Dalston Sound

You might not know Circadia, but you might know one or more of the musicians in the group: if not one of its guitarists, Swedish David Stackenäs (Labfield, Fire! Orchestra) or Norwegian Kim Myhr (Mural), then maybe The Necks‘ Australian drummer, Tony Buck, or Joe Williamson, a Canadian bassist Buck’s often paired with.

As Lou Reed once wrote in sleeve notes: “You can’t beat 2 guitars, bass, drum” (sic). But I don’t think Advances and Delays was quite what Lou had in mind. What we have here are two compelling, sensitively wrought instrumental pieces in a post-jazz, -rock, and -minimalism mould that hasn’t quite set.

“The Animal Enters and Traverses the Light” (19:20) begins with a sun-shaft dance of brittle acoustic guitar motes, and what initially sounds like flute but soon reveals itself to be bowed bass, refracted off an exploded cloud of kinetic percussion. While the combined bowed-string shimmer and pointillist guitar picking is mesmerising, the orbiting particles of percussive debris keep the ear pricked to the looping, thrumming melody carried by (I think it’s Myhr’s 12-string) guitar.

After ten minutes of incrementally ratcheted tension, everything draws together, reduced in volume but not mass, as if collapsing in on itself, only to be driven along a new tangent by the assertion of firmly bowed bass notes and cross-hatch guitar strums.

At about the fifteenth minute this resolves into a drone of bowed gongs and gravid bass, as the guitar picking coils into a tight, light-mechanical spin/spooling sparking wiry strummed chords.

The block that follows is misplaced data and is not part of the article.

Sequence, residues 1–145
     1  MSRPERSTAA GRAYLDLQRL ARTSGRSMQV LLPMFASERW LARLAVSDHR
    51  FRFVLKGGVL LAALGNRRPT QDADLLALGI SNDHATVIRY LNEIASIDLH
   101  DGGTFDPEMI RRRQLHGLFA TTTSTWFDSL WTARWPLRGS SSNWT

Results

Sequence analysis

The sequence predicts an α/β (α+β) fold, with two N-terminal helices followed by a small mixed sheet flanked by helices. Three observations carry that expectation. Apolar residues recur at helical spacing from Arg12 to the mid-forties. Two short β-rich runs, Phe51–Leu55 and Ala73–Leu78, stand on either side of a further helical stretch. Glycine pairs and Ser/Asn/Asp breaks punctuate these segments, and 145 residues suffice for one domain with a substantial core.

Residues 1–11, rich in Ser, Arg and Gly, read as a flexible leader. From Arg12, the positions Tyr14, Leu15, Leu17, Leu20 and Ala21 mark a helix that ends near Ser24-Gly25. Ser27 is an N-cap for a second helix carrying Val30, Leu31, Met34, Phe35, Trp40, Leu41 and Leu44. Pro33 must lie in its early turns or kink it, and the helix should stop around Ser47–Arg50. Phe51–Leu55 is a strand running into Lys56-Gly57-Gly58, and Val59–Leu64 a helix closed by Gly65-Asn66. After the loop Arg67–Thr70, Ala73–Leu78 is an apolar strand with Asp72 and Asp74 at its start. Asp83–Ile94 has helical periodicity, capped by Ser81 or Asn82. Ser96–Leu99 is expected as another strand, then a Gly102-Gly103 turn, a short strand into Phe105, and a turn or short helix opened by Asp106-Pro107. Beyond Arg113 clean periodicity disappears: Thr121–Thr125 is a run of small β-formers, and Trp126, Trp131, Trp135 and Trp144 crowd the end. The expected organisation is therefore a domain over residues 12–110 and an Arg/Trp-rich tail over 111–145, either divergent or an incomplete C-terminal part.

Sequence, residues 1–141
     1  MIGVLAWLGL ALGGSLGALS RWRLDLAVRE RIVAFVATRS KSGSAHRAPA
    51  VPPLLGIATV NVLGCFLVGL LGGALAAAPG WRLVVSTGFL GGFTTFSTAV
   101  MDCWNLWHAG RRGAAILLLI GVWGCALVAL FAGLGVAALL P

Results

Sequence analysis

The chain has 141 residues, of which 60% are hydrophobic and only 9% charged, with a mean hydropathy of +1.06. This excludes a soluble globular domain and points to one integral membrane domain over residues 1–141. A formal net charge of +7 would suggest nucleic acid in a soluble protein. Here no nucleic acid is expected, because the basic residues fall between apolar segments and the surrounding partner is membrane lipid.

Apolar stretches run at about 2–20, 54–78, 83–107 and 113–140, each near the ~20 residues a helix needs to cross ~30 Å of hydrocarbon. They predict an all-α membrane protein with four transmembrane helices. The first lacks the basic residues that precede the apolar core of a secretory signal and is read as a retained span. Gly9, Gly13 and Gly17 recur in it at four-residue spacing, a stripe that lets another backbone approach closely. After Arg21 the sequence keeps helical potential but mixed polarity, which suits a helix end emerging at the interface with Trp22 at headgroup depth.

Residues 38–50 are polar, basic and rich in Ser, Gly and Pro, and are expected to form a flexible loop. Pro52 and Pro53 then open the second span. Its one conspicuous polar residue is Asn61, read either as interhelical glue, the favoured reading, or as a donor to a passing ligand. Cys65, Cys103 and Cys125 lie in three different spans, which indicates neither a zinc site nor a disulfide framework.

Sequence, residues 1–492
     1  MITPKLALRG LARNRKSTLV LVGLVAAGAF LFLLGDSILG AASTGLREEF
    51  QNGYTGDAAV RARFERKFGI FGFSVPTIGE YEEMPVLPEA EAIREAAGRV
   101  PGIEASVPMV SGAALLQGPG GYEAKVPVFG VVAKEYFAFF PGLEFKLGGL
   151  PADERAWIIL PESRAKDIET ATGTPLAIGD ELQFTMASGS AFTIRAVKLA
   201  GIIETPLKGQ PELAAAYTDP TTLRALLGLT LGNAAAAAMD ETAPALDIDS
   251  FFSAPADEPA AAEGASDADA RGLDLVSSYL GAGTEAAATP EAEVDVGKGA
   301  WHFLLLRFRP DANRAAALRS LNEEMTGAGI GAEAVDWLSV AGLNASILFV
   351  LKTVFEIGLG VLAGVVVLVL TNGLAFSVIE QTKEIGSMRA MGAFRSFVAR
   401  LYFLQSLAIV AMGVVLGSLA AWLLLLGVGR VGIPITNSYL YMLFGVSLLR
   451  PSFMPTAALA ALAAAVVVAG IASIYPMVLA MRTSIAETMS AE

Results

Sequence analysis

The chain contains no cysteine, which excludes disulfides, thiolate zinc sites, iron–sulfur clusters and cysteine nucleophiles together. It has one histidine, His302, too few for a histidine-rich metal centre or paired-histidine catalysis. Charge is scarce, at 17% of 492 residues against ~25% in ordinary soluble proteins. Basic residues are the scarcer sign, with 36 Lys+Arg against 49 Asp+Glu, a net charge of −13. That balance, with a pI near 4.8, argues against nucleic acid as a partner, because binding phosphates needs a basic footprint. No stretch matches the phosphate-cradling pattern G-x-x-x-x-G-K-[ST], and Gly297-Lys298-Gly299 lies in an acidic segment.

Needless to say, fans of The Necks will ‘get’ this instantly, and may appreciate the relative brevity. For fans of Mural, the same relative brevity may seem rudely peremptory.

“The Human Volunteers were Kept in Isolation” is shorter still at 14:25 – a cleaner, quieter piece, beginning with single notes picked and lifted from strings, and then the rise and decay of bowed percussion sustains – some evocative of mournful, muted horns or human keening – and soft gong strikes.

This time the evolution is through sharper emphases and greater definition in collaged sounds, spatially separate but resonating sympathetically.

Again there’s a change roughly half-way home, but this time it’s a quietly dramatic one, with a new silence ahead of a shiver of hand-held percussion and shakers, a new bowed-bass drone, and then, unexpectedly, a congress of complex, intertwined fingerpicking, encouraging a new boldness, with Buck sounding full bass hits and hard, pointillist cymbal patter. The ending is too brusque.

There’s a fair bit of this sort of thing around lately, but the balance of gravity, drive and burnished, atmospheric sonics here is just right, making Advances and Delays a fully absorbing half-hour plus change – an invigorating quick fix of deep listening.